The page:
Tao Wenzhao, Honorary Member of the Chinese Academy of Social Sciences; Fellow, CASS Institute of American Studies
Feb 08, 2018
Dividing the world into camps of “free societies” and “repressive regimes”, and proposing to collaborate with countries of similar values to deal with “repression”, sends a message that threatens to split the international community.
Richard Javad Heydarian, Professorial Chairholder in Geopolitics, Polytechnic University of the Philippines
Feb 02, 2018
In recent weeks, Washington has stepped up its efforts to check Chinese maritime ambitions in the South China Sea. The Pentagon has stepped up its Freedom of Navigation Operations, while deploying Defense Secretary James Mattis to key Southeast Asian partners. With China emerging as America’s top national security concern, there are growing signs that the Trump administration’s South China Sea policy is finally taking shape.
Jan 18, 2018
Trump said the United States was considering a big “fine” as part of a probe into China’s alleged theft of intellectual property.
Jan 16, 2018
Chinese leader Xi Jinping told U.S. President Donald Trump that the two sides must work together to find solutions to trade and economic disputes, state media reported.
Ben Reynolds, Writer and Foreign Policy Analyst in New York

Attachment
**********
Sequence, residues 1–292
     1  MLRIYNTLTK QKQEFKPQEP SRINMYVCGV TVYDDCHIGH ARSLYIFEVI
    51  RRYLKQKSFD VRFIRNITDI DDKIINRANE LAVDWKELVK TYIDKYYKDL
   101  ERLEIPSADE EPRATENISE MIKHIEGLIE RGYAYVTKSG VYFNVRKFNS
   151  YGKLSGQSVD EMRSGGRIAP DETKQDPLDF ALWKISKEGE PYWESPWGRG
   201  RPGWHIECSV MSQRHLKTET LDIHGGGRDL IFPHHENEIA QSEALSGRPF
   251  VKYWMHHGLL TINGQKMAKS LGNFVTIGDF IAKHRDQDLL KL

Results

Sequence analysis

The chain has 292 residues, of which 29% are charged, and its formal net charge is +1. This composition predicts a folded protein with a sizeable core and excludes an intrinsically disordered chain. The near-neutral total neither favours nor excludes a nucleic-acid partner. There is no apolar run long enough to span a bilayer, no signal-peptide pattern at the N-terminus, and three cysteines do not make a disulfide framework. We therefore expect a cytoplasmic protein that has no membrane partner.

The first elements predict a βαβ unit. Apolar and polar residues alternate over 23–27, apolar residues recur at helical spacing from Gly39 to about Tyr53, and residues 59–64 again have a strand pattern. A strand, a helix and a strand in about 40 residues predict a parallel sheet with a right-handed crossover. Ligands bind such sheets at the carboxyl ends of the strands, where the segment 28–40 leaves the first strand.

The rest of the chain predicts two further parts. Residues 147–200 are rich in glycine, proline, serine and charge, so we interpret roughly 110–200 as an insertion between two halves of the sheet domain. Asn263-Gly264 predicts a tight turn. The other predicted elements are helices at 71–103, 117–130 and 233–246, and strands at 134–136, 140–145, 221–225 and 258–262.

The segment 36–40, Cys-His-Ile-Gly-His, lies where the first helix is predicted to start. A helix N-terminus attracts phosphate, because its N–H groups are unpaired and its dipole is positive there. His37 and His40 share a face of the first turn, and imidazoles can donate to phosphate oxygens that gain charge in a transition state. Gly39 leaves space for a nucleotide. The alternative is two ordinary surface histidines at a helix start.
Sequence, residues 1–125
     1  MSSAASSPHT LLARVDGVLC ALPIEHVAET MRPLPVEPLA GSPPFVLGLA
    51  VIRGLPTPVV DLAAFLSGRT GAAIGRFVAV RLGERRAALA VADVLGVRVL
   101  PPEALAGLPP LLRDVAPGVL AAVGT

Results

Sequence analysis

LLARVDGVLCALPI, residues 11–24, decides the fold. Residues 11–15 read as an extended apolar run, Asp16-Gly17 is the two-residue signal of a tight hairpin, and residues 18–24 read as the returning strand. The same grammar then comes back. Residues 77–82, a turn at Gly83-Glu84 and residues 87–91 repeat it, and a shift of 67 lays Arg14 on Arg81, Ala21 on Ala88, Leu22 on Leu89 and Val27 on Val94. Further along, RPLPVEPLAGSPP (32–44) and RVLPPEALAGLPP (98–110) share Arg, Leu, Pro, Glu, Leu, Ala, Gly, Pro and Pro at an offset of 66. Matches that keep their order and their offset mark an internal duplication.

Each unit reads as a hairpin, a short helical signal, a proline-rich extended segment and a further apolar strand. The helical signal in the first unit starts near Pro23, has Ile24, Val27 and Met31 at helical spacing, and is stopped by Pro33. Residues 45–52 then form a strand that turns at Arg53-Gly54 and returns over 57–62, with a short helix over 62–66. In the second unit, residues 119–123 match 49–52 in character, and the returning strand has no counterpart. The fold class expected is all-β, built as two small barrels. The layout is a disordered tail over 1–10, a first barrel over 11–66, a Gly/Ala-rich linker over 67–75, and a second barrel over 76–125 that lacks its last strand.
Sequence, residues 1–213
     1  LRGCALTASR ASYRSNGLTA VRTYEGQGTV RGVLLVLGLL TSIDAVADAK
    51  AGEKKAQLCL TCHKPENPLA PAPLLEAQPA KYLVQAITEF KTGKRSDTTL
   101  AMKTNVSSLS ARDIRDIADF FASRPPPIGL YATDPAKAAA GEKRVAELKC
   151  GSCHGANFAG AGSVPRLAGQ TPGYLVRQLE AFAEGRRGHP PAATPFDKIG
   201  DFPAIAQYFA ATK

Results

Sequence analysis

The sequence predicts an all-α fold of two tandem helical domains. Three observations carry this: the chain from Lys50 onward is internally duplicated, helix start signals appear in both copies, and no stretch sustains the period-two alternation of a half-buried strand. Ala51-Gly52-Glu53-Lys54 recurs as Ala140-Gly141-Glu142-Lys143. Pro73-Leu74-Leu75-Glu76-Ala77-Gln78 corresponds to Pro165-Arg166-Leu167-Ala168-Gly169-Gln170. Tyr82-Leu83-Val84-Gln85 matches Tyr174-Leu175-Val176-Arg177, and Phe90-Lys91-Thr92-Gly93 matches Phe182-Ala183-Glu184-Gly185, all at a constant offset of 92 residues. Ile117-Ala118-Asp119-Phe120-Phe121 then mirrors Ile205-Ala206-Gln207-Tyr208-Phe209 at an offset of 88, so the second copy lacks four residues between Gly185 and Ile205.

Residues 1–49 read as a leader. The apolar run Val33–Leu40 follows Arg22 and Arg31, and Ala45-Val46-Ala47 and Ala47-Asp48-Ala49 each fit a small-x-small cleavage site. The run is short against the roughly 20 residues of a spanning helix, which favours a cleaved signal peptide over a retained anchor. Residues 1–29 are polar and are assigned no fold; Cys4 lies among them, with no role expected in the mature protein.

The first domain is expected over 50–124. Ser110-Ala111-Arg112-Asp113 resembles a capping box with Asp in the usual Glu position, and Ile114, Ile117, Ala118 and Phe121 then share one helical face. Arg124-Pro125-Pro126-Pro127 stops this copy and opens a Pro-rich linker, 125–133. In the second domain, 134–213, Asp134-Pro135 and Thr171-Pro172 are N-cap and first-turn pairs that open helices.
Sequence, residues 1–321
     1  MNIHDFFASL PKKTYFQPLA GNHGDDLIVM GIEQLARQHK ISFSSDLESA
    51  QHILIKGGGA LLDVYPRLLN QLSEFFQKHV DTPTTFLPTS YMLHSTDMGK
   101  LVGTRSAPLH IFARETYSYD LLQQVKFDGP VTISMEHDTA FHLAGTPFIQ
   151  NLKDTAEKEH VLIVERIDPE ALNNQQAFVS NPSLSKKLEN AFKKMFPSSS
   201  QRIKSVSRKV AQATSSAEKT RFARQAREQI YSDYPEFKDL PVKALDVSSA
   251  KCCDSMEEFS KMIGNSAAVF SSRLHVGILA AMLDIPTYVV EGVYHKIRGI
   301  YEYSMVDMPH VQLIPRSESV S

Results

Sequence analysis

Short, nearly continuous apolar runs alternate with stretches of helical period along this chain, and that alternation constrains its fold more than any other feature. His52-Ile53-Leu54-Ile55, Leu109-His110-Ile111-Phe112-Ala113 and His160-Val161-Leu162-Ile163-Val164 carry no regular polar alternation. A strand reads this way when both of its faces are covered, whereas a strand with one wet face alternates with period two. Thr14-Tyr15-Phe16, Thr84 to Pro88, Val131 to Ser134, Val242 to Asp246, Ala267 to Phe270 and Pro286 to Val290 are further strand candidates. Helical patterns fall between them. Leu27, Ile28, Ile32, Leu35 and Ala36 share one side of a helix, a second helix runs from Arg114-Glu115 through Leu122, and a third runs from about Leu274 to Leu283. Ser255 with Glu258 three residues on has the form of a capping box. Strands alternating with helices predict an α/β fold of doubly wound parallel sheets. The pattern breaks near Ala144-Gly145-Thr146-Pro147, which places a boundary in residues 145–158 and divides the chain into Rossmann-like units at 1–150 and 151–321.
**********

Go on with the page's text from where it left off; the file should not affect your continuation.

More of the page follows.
Jan 10, 2018
To what extent are CFIUS decisions influenced by the Trump administration’s policy preferences? And how will a more aggressive CFIUS impact U.S.-China trade and Chinese investment in the United States over the medium-to-long term?
Ma Shikun, Senior Journalist, the People’s Daily
Jan 09, 2018
Why was the National Security Strategy Report so hostile to China?
Doug Bandow, Senior Fellow, Cato Institute
Jan 08, 2018
For its first two decades the PRC was anathema to the U.S. Not until Mao’s death in 1976 could one imagine normal relations between the two nations. Today the Chinese people have opportunities and freedoms once unimaginable. U.S. policy should focus on the long-term, encouraging coming generations in China to take control of their future.
Eric Farnsworth, Vice President, COA, Washington D.C. Office
Jan 08, 2018
U.S. policy-makers must recognize that the most productive path forward is not to maneuver into constant conflict with China but rather to concentrate on our own competitiveness, to restore a sense of national unity, and to re-emerge from the current political cycle as an example of an open market democracy that others are both willing and able to emulate.
Wang Fan, Vice President, China Foreign Affairs University
Jan 03, 2018
The United States must live with the reality that China will continue to grow stronger; any attempt to curtail China’s influence will come to naught, be it engagement or containment or “congagement”.
Li Zheng, Assistant Research Processor, China Institutes of Contemporary International Relations
Dec 29, 2017
Trump’s national security strategy can lead to dangers, but also presents opportunities for Sino-American cooperation.